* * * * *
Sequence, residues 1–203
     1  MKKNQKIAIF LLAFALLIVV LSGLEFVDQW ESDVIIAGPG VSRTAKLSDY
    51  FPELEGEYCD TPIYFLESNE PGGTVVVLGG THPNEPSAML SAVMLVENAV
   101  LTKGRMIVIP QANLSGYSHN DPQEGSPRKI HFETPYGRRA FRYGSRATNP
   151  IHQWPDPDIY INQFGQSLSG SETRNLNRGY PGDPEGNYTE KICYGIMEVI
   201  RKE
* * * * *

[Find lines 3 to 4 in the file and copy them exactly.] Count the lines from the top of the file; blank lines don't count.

    51  FPELEGEYCD TPIYFLESNE PGGTVVVLGG THPNEPSAML SAVMLVENAV
   101  LTKGRMIVIP QANLSGYSHN DPQEGSPRKI HFETPYGRRA FRYGSRATNP